Andrew Rackley is a collaborative doctoral student at the British Library and the University of Central Lancashire. His research principally focuses on how a national institution, such as the British Library, documents a Mega-Event like the Olympics, and his interests include sport and the relationship between memory and archives. Follow him on Twitter
I haven’t written anything for a few months. I believe I was distracted from my last blog post by the curling and the silver and bronze medals Great Britain managed to win for it.
The past few weeks have kept me quite busy; even if Wimbledon and the World Cup may be alarmingly distant memories, the Commonwealth Games and the Test cricket have valiantly stepped in to fill the void. As a student, some people like to tell me that this is procrastination, but I just think that’s counter-productive.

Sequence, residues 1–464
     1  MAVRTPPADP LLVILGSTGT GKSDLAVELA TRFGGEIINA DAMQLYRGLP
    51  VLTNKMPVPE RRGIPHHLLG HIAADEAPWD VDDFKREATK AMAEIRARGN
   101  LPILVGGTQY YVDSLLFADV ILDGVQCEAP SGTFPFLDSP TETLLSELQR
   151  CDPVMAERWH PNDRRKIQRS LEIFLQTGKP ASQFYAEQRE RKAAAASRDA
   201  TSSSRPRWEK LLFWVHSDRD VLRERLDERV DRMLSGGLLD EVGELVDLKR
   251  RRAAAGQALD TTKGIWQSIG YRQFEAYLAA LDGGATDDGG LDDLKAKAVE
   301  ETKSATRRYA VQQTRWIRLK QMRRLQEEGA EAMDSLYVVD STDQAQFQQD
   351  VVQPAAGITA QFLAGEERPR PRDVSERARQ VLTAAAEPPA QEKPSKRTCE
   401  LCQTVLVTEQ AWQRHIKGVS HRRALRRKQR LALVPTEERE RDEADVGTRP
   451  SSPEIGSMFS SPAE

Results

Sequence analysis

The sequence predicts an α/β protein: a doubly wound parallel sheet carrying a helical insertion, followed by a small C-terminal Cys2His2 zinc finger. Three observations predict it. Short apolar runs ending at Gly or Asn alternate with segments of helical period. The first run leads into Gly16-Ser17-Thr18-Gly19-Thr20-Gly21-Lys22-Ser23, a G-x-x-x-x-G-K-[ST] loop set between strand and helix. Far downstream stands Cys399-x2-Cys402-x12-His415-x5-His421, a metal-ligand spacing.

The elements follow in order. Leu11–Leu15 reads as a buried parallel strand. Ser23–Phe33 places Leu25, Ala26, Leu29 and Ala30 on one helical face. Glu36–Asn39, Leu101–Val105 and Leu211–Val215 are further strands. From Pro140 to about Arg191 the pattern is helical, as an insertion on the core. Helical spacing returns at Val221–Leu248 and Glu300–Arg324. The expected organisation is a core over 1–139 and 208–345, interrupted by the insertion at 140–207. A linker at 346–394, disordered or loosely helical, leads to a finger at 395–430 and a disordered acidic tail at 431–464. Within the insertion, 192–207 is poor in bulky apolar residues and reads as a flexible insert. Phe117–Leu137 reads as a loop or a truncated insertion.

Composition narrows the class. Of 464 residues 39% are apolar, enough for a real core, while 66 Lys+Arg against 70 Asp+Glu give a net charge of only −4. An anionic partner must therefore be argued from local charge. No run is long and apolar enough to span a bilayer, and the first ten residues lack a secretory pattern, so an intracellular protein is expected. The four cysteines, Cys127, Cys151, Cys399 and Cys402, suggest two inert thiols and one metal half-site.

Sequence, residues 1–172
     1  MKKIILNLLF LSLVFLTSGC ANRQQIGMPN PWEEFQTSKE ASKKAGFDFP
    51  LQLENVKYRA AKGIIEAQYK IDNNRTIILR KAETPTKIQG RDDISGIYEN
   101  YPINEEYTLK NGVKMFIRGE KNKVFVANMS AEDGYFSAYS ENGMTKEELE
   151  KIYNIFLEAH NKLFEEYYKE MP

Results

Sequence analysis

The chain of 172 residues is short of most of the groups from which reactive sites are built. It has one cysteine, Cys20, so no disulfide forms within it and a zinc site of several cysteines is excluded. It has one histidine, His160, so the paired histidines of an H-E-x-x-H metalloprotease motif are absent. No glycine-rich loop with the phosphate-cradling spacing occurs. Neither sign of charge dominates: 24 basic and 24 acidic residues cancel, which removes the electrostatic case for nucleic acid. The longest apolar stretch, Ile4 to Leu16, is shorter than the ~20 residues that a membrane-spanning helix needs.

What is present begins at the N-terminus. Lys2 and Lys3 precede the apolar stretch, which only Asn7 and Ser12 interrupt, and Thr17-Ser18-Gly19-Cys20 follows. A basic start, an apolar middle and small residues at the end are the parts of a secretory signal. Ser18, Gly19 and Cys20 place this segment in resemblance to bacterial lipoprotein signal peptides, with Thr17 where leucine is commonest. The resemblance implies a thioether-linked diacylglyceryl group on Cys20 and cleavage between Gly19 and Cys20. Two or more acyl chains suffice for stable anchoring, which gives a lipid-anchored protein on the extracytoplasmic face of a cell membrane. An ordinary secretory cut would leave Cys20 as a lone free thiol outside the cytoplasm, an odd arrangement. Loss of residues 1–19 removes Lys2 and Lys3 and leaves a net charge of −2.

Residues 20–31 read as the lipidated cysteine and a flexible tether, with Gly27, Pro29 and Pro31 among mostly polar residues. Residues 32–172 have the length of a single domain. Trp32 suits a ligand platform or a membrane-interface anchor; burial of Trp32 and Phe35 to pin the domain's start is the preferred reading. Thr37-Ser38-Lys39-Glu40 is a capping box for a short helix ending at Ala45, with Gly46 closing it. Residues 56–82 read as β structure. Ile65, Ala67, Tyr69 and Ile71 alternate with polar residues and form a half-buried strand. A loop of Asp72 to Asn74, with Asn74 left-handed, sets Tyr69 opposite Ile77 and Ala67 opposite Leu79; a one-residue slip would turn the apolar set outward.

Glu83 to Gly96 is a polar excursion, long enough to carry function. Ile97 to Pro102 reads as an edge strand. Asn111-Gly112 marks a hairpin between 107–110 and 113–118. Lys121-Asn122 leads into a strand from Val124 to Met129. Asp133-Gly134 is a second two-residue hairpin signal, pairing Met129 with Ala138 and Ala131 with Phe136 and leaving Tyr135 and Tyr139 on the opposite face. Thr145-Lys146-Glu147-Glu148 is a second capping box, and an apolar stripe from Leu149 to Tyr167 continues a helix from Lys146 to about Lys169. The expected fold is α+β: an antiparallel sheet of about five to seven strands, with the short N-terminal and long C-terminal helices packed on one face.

At any rate, the conclusion of the World Cup got me thinking: did the spectacle overshadow the event? For me, Rio proved an interesting phenomenon as widespread dissent and clashes between protesters and police punctuated the preparations. Question marks remained over the readiness of the stadia, infrastructure and ticketing. Yet once the football was flowing these concerns seemed to melt away: Brazilian support showed in colour and volume, the sound of almost 75,000 voices inside the Maracanã continuing the national anthem well beyond FIFA’s curtailing of the musical accompaniment stood in stark contrast to the expositions of patriotism usually experienced when England play, for example. Contrary to Terry Gilliam’s dystopian imagining that seemed to be brewing, there was an almost ‘Carnaval’ atmosphere, and even the Americans got in on the fun.